Federal and state governments have made some heroic efforts in recent years to improve healthcare affordability for Americans. The Affordable Health Care Act (aka Obamacare) is perhaps the country’s boldest effort to equalize healthcare access across the nation. Yet according to a 2014 study funded by the Commonwealth Fund, the U.S. continues to rank last among major developed countries when it comes to accessibility, efficiency, equity and quality of care for its citizens.
The study, which looked at 11 developed nations (the U.S., Australia, Canada, Great Britain, France, Germany, New Zealand, Norway, the Netherlands, Sweden and Switzerland). The U.S. not only has the most expensive healthcare system, but it is also "last or near last on dimensions of access, efficiency and equity.”
And it’s no surprise that individuals with complex health problems -- who require supportive care due to developmental disabilities, mental illness or other chronic issues -- are often at greatest risk when it comes to getting adequate healthcare services. While the federal government provides Medicaid funding, it is up to the states to determine how and under what circumstances it is spent.
That local control allow states to regulate funds that in the past were largely directed at care in institutionalized settings like assisted living and extended care facilities. These days, more and more states are realizing the value of expanding Medicaid access to home care settings. Still, not all states administer those valuable dollars in the same way. The services available for an adult with a developmental disability, for example, can vary widely from state to state because programs are based on local priorities, not on national mandates.
Take Oregon, where limited part-time pay is provided for family caregivers who are willing to stay at home and care for a chronically ill loved one. The payment the family member(s) receive is determined by the amount of personalized care the individual needs on a weekly basis. Oregon’s program is based on the belief that home care by family members costs less than private facility care, where insurance, bulky regulations and other costs have to be factored in.
But home-based care provides another benefit as well, noted healthcare consultant Josh Boynton: It helps ensure that individuals who don’t need to be in a care facility can pursue a better quality of life and, often, increase their daily independence. For some, that translates to more stable health conditions as well as a happier lifestyle. [Full disclosure, Josh is a cousin to TriplePundit Editor in Chief Jen Boynton. He was chosen for this interview for his expertise in the area of developmental disabilities.]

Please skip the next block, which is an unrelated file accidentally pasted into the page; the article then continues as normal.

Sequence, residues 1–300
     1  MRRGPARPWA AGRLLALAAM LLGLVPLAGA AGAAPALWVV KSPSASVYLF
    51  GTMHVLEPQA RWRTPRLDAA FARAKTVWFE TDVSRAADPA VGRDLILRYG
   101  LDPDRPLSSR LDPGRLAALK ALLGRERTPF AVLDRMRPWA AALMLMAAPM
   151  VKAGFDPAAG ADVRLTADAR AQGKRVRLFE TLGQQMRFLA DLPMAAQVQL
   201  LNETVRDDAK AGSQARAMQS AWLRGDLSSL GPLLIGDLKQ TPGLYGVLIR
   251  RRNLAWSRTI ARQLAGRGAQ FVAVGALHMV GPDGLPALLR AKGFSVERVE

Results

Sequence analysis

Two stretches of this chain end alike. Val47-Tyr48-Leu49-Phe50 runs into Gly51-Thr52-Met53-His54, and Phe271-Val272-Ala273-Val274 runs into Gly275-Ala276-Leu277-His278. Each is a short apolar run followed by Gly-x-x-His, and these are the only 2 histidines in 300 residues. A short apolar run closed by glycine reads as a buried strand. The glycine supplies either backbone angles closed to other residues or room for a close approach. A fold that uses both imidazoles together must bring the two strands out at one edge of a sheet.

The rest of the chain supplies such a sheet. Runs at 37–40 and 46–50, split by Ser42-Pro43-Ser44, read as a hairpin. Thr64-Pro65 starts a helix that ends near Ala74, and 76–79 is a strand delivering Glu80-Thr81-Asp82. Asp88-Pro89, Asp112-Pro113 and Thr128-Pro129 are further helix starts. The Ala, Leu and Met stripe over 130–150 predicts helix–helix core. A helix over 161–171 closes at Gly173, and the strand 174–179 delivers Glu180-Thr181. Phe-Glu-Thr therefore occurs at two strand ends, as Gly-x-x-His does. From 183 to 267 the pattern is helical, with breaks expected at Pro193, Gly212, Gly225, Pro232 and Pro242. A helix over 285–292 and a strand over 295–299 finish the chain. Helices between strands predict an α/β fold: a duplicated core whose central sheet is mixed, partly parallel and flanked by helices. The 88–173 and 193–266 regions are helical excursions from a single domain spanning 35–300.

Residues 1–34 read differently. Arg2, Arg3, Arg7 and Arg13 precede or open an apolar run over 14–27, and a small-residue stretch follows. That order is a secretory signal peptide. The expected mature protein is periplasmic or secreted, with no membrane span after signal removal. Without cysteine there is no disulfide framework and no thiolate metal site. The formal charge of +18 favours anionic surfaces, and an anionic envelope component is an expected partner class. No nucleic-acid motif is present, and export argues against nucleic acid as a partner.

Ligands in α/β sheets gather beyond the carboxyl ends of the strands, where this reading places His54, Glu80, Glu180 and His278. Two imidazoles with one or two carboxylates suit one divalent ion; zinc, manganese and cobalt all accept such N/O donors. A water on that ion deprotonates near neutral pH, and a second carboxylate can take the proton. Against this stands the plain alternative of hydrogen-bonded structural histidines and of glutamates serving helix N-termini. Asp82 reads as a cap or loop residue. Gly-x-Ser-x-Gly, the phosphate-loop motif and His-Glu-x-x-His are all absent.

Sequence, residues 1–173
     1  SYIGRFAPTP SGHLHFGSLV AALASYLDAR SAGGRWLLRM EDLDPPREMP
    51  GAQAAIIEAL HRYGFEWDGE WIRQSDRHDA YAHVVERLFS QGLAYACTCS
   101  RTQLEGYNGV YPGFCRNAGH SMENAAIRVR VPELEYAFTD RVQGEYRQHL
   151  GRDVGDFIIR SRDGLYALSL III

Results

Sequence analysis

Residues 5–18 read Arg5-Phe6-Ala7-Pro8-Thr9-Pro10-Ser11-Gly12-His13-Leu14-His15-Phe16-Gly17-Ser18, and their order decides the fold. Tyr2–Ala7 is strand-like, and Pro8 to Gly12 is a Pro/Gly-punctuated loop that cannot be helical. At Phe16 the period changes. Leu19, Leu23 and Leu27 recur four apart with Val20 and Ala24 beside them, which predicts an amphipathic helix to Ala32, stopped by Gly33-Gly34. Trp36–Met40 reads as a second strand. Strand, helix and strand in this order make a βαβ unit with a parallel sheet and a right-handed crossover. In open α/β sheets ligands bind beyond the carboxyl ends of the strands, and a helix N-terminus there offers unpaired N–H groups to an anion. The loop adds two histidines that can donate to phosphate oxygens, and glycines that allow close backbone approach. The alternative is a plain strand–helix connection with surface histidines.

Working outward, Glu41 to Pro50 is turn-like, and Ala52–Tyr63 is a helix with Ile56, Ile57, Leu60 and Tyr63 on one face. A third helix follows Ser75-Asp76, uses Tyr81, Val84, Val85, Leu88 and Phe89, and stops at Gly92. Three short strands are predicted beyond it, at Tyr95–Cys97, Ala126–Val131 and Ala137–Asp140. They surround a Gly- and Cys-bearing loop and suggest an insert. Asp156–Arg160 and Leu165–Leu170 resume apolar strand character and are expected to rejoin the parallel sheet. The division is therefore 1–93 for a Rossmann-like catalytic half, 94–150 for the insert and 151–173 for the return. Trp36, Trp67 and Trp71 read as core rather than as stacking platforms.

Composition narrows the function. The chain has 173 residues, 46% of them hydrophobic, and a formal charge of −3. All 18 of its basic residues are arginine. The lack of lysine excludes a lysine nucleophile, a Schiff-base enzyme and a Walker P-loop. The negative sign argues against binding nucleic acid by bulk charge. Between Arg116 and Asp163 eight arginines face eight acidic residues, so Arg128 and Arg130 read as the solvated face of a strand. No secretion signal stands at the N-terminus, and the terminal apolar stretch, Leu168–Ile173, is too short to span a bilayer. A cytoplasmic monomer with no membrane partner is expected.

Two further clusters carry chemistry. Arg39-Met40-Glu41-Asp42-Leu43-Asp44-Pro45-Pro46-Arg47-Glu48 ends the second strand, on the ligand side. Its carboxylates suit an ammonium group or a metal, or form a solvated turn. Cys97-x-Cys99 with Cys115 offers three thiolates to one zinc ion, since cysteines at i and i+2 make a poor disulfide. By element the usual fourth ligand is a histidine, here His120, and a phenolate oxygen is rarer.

Boynton is the former CEO of LifeShare, which he and his wife Rachel founded 20 years ago in New Hampshire in an effort to offer better manage care to individuals with disabilities. Boynton said the concept for the company emerged when he realized the available state programs couldn’t fully address the care needs of their client, Ron, a young man with developmental disabilities and multiple health challenges.
“[We] quickly realized that the [health services] system that was supporting Ron … was really about the system. It wasn’t about the person that was receiving the services,” Boynton recalled. That pre-designed menu of services required individuals to meet the needs and qualifications of the program rather than to ask, “What does Ron need?”
For Josh Boynton and his wife, this seemed strange. Boynton grew up in the health services setting, majored in human services in university and worked as a case manager for an area agency in the state. The couple knew from working with individuals with disabilities that any successful program needed to be able to adapt to the specific needs of the client, not the other way around.
“So, we went to the state and said: 'Hey, would you consider allowing Ron and his team to really be the one to drive the services and create the service plan, hire and train the staff that would support Ron?' It might have seemed like a long shot at the time. But the state, which had just received a grant to start a new health services program, said 'Let’s try it.'”
What emerged would eventually become the template for a new approach to managed care in which the daily tasks like preparing meals, assisting with hygiene, and providing transportation to doctors’ visits became part of the bigger goal of addressing what Ron wanted to do with his life. And it did something else: It took into account that Ron -- like every other person -- had the potential to change, grow and seek his own dreams.